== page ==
Read the full article by Mark Strassmann (CBS)

Waxhaw, North Carolina — For America’s firefighters, the irony is jarring. Chemical foam that they’ve sprayed on fires for decades to protect others was a hidden threat to them. 

The foam concentrate comes in five-gallon buckets, laced with polyfluoroalkyl substances — also called PFAS — which are man-made chemicals that are water-repellent, virtually indestructible and dangerous if inhaled or absorbed into the body.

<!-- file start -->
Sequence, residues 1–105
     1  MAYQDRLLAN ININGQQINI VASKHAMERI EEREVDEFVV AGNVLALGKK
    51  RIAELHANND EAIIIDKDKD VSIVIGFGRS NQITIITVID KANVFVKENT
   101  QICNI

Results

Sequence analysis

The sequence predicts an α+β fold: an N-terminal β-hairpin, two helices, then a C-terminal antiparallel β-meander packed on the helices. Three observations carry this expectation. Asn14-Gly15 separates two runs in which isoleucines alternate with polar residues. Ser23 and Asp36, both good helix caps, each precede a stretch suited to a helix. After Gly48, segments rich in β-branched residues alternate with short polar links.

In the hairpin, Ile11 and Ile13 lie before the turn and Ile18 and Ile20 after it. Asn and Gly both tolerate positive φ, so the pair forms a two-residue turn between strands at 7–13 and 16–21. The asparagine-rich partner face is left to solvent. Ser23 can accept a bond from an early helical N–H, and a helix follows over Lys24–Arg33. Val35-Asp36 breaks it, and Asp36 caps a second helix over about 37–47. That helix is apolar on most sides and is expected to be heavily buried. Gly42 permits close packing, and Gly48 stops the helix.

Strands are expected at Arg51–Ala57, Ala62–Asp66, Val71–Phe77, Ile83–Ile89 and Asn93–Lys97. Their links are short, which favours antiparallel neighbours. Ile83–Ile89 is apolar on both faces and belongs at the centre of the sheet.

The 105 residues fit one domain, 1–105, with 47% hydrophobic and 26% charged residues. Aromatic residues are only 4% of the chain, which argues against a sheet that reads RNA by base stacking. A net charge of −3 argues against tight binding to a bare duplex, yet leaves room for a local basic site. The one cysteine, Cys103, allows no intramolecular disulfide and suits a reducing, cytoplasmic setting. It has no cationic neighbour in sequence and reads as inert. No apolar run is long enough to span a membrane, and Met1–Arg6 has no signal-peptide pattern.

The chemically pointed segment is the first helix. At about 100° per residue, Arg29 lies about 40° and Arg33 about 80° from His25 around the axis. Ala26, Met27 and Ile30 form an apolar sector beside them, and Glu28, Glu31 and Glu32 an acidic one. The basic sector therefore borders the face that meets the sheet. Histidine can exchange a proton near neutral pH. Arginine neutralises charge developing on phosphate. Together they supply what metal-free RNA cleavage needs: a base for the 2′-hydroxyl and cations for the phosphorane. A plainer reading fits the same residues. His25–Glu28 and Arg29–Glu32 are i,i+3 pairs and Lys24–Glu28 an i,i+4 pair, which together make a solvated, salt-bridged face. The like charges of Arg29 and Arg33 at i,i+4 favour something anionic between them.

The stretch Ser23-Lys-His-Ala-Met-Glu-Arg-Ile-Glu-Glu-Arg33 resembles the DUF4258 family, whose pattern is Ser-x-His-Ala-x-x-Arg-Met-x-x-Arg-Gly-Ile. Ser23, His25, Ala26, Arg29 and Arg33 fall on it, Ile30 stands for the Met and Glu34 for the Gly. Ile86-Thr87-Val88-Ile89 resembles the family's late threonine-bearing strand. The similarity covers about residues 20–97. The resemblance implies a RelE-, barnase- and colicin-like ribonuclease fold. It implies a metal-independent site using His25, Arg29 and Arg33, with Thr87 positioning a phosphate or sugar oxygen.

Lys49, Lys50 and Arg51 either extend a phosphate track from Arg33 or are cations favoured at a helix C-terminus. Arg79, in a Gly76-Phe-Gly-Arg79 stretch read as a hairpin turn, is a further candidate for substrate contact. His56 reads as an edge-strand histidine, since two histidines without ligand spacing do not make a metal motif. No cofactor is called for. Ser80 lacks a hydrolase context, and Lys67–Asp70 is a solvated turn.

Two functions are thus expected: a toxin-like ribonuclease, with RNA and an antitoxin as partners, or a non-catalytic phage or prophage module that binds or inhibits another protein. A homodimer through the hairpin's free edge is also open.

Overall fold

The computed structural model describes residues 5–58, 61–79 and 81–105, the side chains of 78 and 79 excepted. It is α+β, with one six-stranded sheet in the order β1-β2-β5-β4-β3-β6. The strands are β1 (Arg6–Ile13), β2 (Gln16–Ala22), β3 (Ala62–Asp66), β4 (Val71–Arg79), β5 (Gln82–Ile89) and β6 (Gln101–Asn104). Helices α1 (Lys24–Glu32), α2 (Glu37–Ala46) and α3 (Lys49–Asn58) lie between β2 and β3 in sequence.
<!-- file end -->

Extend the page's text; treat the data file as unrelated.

The Environmental Protection Agency limits the safe threshold for exposure to two of the most common PFAS (PFOA and PFOS) to nearly zero, or less than one part per trillion. But firefighting foam, known as AFFF, contains concentrations of 10 million parts per trillion — more than a thousand times higher than EPA guidance — according to Amy Dindal, PFAS program manager for Battelle, a scientific nonprofit that has developed promising technology to eliminate the problem.” …